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Alumnus Wheatley Earns IEEE Pioneer Award

Alumnus Wheatley Earns IEEE Pioneer Award

C. Frank Wheatley (right) was presented with the Pioneer Award from Dr. Mohamed Darwish (left), chairman of the IEEE convention, at the 23rd International Symposium on Power Semiconductor Devices & ICs on May 24, 2011, San Diego, CA. Photo by Tom Wheatley.
C. Frank Wheatley (right) was presented with the Pioneer Award from Dr. Mohamed Darwish (left), chairman of the IEEE convention, at the 23rd International Symposium on Power Semiconductor Devices & ICs on May 24, 2011, San Diego, CA. Photo by Tom Wheatley.

Alumnus C. Frank Wheatley has been elected an IEEE Pioneer, one of the highest honors that can be bestowed upon IEEE members, to recognize his significant and transformative impact on the field of power electronics. He was presented with the award at the 23rd International Symposium on Power Semiconductor Devices & ICs on May 24, 2011 in San Diego. Wheatley was the first to receive the Pioneer Award in the Power Division of the IEEE in its 23 years of existence.

Wheatley, a World War II veteran, graduated from the University of Maryland in 1951 with a B.S. in Electrical Engineering. He has been issued 58 United States patents, published over 150 professional papers, presented
44 papers at IEEE conventions, domestically and abroad, and has received many awards. These include three from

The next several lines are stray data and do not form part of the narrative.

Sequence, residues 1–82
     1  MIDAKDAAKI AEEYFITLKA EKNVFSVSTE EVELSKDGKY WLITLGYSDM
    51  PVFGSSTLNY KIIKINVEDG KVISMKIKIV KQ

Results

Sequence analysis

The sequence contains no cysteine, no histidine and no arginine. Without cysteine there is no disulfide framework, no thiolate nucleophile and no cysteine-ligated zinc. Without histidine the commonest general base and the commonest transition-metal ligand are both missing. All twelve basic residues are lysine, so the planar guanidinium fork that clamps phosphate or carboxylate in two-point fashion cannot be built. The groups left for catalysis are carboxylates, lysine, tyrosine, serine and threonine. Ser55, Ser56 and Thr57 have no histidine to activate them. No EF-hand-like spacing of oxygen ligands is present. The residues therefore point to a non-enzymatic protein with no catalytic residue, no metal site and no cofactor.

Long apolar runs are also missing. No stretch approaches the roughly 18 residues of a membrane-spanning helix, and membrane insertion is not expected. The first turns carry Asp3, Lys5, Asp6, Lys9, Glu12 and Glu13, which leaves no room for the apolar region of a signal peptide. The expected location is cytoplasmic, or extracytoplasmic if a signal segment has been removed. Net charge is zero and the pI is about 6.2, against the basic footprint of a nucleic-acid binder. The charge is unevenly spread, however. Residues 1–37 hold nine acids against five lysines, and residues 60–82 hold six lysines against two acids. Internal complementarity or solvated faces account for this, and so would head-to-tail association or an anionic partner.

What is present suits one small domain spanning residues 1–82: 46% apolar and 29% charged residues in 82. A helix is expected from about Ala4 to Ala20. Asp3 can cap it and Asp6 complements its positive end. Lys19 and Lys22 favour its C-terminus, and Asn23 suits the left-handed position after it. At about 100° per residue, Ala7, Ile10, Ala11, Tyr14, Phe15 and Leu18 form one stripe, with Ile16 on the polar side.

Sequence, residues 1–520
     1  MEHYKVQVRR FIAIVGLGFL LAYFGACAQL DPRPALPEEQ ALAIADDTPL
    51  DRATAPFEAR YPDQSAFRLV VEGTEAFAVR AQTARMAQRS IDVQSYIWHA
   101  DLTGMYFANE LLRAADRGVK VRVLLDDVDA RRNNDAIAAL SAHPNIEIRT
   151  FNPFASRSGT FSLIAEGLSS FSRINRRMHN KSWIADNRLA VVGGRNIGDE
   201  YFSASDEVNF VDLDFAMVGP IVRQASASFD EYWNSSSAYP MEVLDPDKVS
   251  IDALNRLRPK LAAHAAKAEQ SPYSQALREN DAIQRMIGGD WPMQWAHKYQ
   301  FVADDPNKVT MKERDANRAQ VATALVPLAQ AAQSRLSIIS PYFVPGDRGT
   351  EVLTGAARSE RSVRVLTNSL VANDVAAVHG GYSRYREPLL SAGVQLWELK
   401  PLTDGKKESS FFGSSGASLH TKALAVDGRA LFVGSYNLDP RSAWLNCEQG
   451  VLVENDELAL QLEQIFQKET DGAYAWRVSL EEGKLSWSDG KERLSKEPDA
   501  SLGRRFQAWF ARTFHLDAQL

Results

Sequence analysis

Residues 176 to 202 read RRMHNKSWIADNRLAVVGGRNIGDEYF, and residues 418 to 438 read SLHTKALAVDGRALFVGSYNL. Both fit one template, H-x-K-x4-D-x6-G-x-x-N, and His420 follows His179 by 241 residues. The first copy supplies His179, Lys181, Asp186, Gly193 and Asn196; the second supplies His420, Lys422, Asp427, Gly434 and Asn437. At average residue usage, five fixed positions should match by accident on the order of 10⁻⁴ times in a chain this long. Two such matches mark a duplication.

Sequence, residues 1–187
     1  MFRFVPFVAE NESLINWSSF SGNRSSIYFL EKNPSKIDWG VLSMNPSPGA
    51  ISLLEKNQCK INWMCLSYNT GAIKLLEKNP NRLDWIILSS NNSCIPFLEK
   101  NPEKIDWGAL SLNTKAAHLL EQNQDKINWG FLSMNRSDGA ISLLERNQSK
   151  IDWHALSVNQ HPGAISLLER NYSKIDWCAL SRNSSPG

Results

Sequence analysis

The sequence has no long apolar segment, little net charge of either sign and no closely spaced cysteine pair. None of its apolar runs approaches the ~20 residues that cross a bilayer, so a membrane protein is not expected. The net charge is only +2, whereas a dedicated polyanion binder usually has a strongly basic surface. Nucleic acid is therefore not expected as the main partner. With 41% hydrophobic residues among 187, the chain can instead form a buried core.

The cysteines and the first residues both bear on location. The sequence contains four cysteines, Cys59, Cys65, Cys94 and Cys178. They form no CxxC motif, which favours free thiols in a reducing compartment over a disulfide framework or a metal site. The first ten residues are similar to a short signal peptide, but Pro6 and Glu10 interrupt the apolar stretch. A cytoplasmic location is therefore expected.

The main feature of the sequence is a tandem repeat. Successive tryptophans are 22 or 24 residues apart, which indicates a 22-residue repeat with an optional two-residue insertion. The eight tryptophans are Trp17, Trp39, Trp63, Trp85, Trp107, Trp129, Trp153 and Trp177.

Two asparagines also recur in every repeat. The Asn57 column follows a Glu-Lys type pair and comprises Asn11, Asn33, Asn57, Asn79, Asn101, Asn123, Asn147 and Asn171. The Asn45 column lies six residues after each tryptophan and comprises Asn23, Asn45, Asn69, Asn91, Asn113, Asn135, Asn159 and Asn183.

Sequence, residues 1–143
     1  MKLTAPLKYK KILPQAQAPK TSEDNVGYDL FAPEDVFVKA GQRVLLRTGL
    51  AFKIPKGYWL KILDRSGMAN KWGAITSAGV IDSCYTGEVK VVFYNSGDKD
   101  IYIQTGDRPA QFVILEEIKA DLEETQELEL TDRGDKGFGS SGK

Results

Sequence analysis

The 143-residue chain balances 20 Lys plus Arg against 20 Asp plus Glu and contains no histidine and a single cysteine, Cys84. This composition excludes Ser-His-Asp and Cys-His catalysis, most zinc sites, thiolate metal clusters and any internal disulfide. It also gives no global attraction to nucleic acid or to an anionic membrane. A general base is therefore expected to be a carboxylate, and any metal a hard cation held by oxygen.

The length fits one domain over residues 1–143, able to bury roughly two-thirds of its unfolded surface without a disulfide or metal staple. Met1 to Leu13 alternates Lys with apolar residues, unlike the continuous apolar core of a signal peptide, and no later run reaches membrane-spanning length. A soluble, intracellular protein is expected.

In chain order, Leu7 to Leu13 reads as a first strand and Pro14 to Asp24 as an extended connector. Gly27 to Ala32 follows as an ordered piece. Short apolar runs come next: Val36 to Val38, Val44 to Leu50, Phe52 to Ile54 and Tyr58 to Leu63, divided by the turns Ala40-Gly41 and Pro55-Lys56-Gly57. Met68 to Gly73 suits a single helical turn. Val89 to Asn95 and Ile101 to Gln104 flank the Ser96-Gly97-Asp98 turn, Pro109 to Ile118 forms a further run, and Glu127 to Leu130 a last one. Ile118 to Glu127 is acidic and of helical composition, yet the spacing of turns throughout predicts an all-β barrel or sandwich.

RCA, several from Harris Corporation, five from the IEEE, the University of Maryland Engineering Centennial Medal and induction into the University of Maryland's A. James Clark School of Engineering Innovation Hall of Fame. He is known for his seminal patent in 1982 of the Insulated Gate Bipolar Transistor (IGBT), an electronic device that led to worldwide sales of the IGBT that are currently estimated to be worth over $2 billion per year.

Wheatley joined RCA in July 1951, and achieved many firsts while designing solid state circuits and devices. He designed two noteworthy all-transistor circuits during the early 1960s including the auto radio and the high fidelity stereo amplifier. In early 1968, Wheatley designed an integrated circuit (IC) to control self-detonation of land mines. In 1978, he and a colleague developed a power IC process and an operational amplifier upon a single die, which delivered 50 watts of sine wave power. A two-terminal all-electronic temperature sensor and a thermally ballasted bipolar transistor are also among his inventions. 



Wheatley retired from RCA in 1987, having served 36 years. At the time, he was Manager of the Rad Hard Power
and Advanced Device Design Group. He continued his work as a consultant to GE, Harris, Intersil and Fairchild, who
were successor owners of the RCA Solid State Power Division. Wheatley served as an expert witness in the US, Germany and Japan in the field of power transistors. Wheatley was elected into the Electronics Design Magazine Hall of Fame in 2010.

Wheatley was featured in the most recent E@M magazine (Spring 2011 issue, p. 29) for reuniting with his friend and former roommate, fellow alumnus George Laurer (B.S., E.E., '51), at the October 2010 Innovation Hall of Fame induction of Robert Briskman.

June 5, 2011


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